JR is building a gaming system and he wants to add some great audio. What about the JBL speakers? The one's he's looking at are made in china and he's concerned about the build quality. Scott says that just because they're made in China doesn't mean they're no good. There's good and bad speakers from anywhere. Scott would recommend going with larger 8" woofers to go deeper in the bass. He also needs a digital audio converter.
Karen's new computer only has one port that she can connect and record from. How can she record and hear at the same time? Leo says to use a USB Mic. It'll do both, and it's digital. Far better than the minijack port for the microphone. Karen can use Audacity and it'll record directly from the source.
Scott is going to be attending THE, The Home Entertainment show. It's down in Newport Beach this week, and Scott says there's going to be a huge resurgence of Hi Resolution audio. Leo says an example of this is Neil Young's Pono Player, and even though he bought one, he's not so sure it's going to make the music any better for the average listener.
Paul also wants to know if there's a wireless microphone option for a phone. Leo says to give up on that. They're too expensive for a good wireless lapel mic. Leo says a directional shotgun mic is a good option. He likes the Apogee MiC. It can record via USB to a laptop, but also straight to an iPhone or iPad.
Chris has noticed that when he visits a web page, he'll start hearing audio but he doesn't know which tab it's coming from. Leo says that's very annoying and it's becoming quite a problem because sites will auto play video. Google Chrome actually puts an audio icon on the tab that is playing the audio, so Leo recommends using Google Chrome as his browser.
Since Leo was talking about Neil Young's Pono player earlier in the show, Tom wanted to know if Leo had heard about Bob Weir's Tamalpais Research Institute, or "TRI." Bob Weir has built a beautiful state of the art streaming performance studio in Marin County in California. The Greatful Dead have always been huge supporters of high quality audio. They were notorious for having the best stage sound system anywhere. Bob is continuing the tradition by broadcasting live video and audio concerts in high quality. It's at tristudios.com.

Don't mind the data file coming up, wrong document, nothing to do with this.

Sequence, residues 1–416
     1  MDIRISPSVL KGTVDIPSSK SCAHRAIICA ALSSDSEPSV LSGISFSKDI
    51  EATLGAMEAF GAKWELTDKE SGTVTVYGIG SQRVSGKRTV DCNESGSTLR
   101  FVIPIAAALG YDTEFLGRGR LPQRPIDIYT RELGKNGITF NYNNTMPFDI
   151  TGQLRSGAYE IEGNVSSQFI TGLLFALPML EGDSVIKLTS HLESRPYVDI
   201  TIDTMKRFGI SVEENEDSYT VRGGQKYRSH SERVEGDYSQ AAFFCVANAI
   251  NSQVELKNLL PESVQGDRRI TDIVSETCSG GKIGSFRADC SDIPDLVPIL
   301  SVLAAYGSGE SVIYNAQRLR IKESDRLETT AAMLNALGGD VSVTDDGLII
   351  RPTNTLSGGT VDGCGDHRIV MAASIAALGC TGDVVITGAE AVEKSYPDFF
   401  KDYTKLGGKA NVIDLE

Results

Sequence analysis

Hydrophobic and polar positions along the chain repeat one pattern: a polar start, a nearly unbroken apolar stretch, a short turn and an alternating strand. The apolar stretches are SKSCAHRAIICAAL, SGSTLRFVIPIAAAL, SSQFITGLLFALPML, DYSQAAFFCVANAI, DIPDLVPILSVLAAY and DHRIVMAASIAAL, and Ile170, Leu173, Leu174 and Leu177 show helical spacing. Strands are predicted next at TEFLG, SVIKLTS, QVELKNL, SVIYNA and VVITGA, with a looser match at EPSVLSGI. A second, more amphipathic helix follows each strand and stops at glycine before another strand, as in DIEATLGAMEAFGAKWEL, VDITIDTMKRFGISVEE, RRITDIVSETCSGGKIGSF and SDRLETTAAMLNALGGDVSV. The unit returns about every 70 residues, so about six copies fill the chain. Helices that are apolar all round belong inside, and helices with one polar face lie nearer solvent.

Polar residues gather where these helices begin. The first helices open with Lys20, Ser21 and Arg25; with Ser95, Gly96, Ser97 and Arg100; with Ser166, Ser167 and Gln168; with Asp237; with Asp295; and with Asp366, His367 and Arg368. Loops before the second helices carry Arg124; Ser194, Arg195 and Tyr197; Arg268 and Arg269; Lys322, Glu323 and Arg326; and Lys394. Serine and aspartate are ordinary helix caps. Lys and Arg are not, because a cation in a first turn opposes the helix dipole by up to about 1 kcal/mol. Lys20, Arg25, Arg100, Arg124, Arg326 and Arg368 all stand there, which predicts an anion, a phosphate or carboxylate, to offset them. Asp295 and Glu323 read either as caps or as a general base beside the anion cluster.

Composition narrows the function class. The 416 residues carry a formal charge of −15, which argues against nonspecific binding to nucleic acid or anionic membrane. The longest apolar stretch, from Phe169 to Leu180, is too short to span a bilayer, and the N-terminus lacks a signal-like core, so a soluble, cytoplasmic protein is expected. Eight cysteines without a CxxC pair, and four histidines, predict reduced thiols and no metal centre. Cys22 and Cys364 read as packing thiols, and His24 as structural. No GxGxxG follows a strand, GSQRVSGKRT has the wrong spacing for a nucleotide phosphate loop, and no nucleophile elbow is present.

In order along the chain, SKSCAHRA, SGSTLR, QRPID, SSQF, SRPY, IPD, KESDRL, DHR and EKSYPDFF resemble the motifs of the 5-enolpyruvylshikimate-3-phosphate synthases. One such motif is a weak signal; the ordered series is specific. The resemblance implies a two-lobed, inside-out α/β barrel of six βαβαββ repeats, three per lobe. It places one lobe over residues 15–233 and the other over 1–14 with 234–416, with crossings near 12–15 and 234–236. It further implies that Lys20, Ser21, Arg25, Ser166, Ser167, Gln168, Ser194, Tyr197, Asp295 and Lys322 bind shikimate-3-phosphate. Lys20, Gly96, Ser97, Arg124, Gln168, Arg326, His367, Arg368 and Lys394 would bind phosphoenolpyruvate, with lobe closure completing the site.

John wants to know if the software available at the Internet Archive is legal to download. Leo says that the Internet Archive is a very interesting project. A record of life in the 20th century. It saves websites, audio, video, and even computer software. It's fantastic. But it may not be legal to download software from it. Since it's archival, Leo says it's probably safe to enjoy since the industry basically ignores it. Sooner or later, it'll have to be addressed by both parties, though.
Hamit is blind, but he's interested in getting a 4K UHD TV. Hamit got Blu-ray for the audio, and he wonders if he'll need to use UHD. Leo says that with 4 times the resolution, he'd get 4 times the data. With UHD, more dots equal more data and the content will come down via streaming or a new disc that will handle 4 times the data. Leo suspects that compression will get better and better and storage will get better as well. All those things will meet in the middle and once UHD is mainstream, the workflow will be there to support it.
Mike went blind about 3 and a half years ago. Since technology has increased his quality of life so much, he's become much more interested in it. He also has started a podcast, and wants to know how he can have more than one RSS feed on his Wordpress site. Leo suggests using a plugin called Podpress.
Barry is the IT at his church and needs to improve the audio capability so they can improve their mp3s online. Leo says that hardware probably isn't the issue if people in the church aren't complaining about the quality of the audio. So that means it's likely the interface, and it sounds like the settings are overdriving, forcing the record to "clip." He should try a line input instead of mic input, and maybe install a preamp to go in between the sound system and the computer itself.